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Is geospatial analysis of data a new paradigm? 

Well No.  It could be said that one of the top five most influential data visualisation’s of all time was John Snow’s, Cholera Map from 1854.

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http://www.theguardian.com/news/datablog/2013/mar/15/john-snow-cholera-map

Snow was a British physician who is considered one of the founders of epidemiology for his work identifying the source of a cholera outbreak in 1854.

In the late 1850’s it was assumed that cholera was airborne. However, Snow did not accept this ‘miasma’ (bad air) theory, arguing that in fact entered the body through the mouth. He published his ideas in an essay ‘On the Mode of Communication of Cholera’ in 1849. A few years later, Snow was able to prove his theory in dramatic circumstances. In August 1854, a cholera outbreak occurred in Soho. After careful investigation, including plotting cases of cholera on a map of the area, Snow was able to identify a water pump in Broad (now Broadwick) Street as the source of the disease. He had the handle of the pump removed, and cases of cholera immediately began to diminish. However, Snow’s ‘germ’ theory of disease was not widely accepted until the 1860s. (Source http://www.bbc.co.uk)

If geospatial analysis isn’t something new then why haven’t I really seen it enter into the mainstream world of Business Intelligence until relatively recently?  I think that historically geospatial analysis has been viewed as something complex to do that needed expensive specialist technologies and was the realm of what we today call “Data Scientists”.  Historically lots of planning would have been undertaken to define the data sets and geospatial analyses only to go through many iterations between the data scientists and information consumer before getting it right.  Then, as is so often the case, the information consumers question has moved on or changed and the iterative process would start again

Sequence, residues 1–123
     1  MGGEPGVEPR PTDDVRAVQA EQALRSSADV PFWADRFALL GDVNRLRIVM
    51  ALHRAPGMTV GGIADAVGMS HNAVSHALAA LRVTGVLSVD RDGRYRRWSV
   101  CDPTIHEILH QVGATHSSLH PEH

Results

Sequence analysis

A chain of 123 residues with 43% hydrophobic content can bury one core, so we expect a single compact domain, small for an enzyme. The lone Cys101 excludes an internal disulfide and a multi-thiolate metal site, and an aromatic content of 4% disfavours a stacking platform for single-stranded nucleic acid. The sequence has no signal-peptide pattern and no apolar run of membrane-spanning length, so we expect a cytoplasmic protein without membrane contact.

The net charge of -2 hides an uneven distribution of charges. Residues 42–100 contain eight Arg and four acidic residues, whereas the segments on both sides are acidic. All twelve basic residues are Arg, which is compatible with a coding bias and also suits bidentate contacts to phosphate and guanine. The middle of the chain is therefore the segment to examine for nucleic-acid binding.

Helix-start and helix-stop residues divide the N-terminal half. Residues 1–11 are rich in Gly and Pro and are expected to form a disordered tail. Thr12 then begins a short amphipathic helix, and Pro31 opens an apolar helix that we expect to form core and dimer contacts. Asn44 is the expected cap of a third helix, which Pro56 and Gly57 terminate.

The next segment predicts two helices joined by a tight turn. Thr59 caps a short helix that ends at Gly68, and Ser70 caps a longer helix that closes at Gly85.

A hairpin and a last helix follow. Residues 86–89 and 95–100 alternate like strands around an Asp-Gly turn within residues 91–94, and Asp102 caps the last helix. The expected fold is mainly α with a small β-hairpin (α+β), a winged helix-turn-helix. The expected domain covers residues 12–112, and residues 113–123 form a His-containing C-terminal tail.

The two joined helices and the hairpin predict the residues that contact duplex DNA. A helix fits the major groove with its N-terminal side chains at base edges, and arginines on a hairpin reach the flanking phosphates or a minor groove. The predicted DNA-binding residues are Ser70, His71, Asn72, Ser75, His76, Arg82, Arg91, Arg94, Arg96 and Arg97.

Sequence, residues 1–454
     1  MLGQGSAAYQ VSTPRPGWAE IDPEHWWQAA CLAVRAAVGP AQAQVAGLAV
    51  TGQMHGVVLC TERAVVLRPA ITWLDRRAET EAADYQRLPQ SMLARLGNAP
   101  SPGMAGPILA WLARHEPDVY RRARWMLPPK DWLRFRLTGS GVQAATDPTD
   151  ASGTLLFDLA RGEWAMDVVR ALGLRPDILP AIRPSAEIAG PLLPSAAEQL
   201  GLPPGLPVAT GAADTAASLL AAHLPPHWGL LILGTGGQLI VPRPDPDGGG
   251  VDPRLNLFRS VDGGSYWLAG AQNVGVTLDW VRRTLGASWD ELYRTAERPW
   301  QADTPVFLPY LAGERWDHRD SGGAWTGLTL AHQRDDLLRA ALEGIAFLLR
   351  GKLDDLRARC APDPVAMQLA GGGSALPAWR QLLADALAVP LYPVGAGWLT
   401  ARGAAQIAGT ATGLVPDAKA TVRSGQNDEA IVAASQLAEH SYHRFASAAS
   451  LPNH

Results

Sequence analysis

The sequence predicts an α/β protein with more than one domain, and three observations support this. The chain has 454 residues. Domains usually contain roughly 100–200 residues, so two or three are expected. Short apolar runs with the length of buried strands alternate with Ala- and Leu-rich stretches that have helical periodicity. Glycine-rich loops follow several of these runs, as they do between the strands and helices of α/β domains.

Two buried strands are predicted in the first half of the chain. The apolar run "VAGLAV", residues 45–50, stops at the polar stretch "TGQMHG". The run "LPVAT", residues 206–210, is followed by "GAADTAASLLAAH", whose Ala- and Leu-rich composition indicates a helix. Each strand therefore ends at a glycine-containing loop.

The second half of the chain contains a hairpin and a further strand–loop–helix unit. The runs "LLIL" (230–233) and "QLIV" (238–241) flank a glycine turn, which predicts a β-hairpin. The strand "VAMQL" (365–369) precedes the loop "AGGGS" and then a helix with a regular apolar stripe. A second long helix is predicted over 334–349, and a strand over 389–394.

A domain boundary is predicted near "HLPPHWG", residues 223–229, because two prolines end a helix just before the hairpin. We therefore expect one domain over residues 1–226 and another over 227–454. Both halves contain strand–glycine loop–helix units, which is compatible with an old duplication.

Is there a better way?


What if you could empower data analysts in your organisation to interact with daily sales information by product group on a map and easily show the geographical clustering of sales? How could positively affect marketing spend? How could easy identifying regional trends and variations optimise your supply chain?

What if data analysts could ask 5, 6, 7, 10, 20 different questions of their data themselves and look at the answers from a geospatial view rather than going through the lengthy define, design, deliver project iterations needing interaction across business departments?

I have seen in organisations that putting the power of geospatial analysis using SAP Lumira into the hands of Business Analysts or this new labelled group, “Data Artisans”, really can deliver clear actionable insights.

Is it easier to gain insight around the number of bird strikes to Aeroplanes in the USA from this..

graph.JPG


Or this ?

map.JPG

My conclusion:


Geospatial analysis is not something new, but it’s now it available to “Data Artisans” in organisations to do more with their data for less effort and quicker. Or as Steve Lucas described it in a recent press event, welcome to “Agile Visualisations” delivered through SAP Lumira (Source:  http://venturebeat.com/2013/07/30/sap-platform-head-tableau-overvalued/)


SAP Lumira – Information Sources

http://scn.sap.com/docs/DOC-29107

About the author:

Andrew works within the Solution Visioning business unit of itelligence UK http://www.itelligence-uk.com/ specialising in SAP Analytics technologies.  Andrew has a wealth of experience with SAP BusinessObjects and Data Visualisation from working in the Business Intelligence sector for over 15 years. Andrew also chairs the Visualisation and Dashboard Design special interest group for the UK&Ireland SAP User Group.

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4 Comments

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      1. Sushant Tiwarekar

        Hi,

        Before working in SAP BW, I had 7 years of experience of GIS (Geographical Information System), I like to know the feature of SAP Lumira in coming years.

        Regards,

        Sushant 

        (0) 

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